Sen. Cory Booker (D-N.J.) will introduce legislation after Congress reconvenes next month calling for the removal of at least a dozen statues of Confederate soldiers and politicians located inside the U.S. Capitol.

The move follows similar action by many city officials around the country who are considering removal of Confederate statues and other memorials in an effort to avoid the kind of unrest that occurred in Charlottesville as alt-right and white nationalist groups across the country vow to stage more rallies.

Booker made the announcement Wednesday night on Twitter, saying, “This is just one step. We have much work to do.”

The monuments include statues of Robert E. Lee, Edward Douglass White and Joseph Wheeler, which are part of the Capitol's National Statuary Hall Collection. There are a dozen statues of Confederate soldiers and politicians in that collection alone, compared to just four of black leaders like Martin Luther King Jr. that are sprinkled throughout the entire complex, according to the Architect of the Capitol.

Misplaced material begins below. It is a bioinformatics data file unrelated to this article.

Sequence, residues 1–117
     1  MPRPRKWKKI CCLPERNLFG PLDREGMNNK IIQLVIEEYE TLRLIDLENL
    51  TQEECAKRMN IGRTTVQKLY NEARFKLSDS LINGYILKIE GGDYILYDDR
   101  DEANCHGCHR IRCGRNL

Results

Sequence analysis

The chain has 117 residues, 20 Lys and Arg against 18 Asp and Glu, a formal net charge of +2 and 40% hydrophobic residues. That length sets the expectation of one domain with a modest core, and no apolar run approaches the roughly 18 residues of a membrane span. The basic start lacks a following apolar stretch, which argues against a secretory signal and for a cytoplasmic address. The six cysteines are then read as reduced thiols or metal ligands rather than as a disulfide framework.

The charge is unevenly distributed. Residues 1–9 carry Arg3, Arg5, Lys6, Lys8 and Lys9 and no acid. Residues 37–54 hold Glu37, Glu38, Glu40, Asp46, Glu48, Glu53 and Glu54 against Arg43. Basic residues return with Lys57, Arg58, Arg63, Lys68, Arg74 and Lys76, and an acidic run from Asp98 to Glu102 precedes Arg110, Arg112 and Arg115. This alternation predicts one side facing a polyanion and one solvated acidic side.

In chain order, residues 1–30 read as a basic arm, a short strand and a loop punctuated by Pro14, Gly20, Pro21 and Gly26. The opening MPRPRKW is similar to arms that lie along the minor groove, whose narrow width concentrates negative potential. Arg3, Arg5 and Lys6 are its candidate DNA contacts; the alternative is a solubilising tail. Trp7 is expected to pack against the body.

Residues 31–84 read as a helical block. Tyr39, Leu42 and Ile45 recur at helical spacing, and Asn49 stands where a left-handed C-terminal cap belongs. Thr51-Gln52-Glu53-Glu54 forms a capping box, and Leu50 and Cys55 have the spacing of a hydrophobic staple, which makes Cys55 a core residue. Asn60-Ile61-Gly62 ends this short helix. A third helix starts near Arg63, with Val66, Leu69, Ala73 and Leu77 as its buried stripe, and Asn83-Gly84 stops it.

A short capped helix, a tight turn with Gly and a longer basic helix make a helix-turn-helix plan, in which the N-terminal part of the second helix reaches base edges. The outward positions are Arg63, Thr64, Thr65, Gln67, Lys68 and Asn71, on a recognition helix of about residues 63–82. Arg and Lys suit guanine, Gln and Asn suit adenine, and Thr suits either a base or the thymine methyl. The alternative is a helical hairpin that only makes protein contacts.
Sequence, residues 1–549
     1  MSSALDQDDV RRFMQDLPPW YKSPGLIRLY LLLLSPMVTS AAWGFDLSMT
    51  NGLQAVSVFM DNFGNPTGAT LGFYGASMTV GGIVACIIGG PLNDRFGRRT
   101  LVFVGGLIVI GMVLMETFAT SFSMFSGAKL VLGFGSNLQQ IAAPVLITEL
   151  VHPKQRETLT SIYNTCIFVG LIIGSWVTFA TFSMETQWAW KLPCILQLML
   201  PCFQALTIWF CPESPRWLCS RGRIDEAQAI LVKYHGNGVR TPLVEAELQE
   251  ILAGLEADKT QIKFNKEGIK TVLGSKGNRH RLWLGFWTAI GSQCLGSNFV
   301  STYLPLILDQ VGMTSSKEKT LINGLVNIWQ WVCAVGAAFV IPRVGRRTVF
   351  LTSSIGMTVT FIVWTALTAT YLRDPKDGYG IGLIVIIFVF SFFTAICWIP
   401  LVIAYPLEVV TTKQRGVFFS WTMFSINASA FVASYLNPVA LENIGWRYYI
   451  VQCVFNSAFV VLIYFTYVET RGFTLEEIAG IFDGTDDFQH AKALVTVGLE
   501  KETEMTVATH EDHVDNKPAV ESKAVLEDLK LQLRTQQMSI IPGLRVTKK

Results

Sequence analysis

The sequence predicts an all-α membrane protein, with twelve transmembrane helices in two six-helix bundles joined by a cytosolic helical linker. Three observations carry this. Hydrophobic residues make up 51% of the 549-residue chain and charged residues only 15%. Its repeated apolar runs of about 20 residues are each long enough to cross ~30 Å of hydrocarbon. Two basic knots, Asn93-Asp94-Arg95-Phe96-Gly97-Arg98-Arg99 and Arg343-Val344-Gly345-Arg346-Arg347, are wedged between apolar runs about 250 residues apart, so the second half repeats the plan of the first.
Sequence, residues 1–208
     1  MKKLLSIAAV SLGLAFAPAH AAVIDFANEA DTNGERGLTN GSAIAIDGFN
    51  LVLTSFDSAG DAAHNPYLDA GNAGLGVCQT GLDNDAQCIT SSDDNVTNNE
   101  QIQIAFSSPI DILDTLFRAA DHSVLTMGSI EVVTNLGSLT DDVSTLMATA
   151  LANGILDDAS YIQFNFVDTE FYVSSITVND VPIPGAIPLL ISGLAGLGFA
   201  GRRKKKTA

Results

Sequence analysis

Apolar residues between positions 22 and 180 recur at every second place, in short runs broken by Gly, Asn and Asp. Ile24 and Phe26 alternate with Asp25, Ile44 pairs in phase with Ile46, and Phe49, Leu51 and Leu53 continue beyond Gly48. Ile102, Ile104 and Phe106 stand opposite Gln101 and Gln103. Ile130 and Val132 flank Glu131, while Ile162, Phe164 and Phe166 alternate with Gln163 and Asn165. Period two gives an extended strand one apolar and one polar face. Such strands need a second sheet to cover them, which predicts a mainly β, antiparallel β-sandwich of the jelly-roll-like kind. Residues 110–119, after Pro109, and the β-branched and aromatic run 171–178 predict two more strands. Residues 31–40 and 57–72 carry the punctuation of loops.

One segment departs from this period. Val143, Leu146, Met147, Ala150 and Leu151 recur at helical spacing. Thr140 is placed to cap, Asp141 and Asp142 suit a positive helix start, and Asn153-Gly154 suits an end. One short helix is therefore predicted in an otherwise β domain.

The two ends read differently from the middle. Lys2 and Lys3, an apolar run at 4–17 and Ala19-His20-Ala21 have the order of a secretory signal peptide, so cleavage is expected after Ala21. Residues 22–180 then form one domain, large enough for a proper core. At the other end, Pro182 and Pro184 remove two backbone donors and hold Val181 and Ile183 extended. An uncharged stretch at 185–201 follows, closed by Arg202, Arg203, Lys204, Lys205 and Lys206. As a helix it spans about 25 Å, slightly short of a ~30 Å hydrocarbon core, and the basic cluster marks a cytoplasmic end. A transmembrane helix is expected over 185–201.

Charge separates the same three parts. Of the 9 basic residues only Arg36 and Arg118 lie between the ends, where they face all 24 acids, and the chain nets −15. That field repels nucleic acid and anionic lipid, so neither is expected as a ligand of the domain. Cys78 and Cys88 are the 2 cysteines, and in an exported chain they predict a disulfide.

At the local level, city and civil leaders are concerned the presence of Confederate monuments might make their cities a flash point for future demonstrations by white nationalist groups. That fear prompted the city of Baltimore to remove four Confederate monuments in the darkness early Wednesday morning.

Hours after the monuments' removal, more than 1,000 people gathered at a memorial service for Heather Heyer in Charlottesville, who was killed last week when a car allegedly driven by a Nazi sympathizer plowed into a crowd of counterprotesters at a white supremacist rally at the University of Virginia. The rally was organized to condemn a decision by the city to remove a statue of Lee.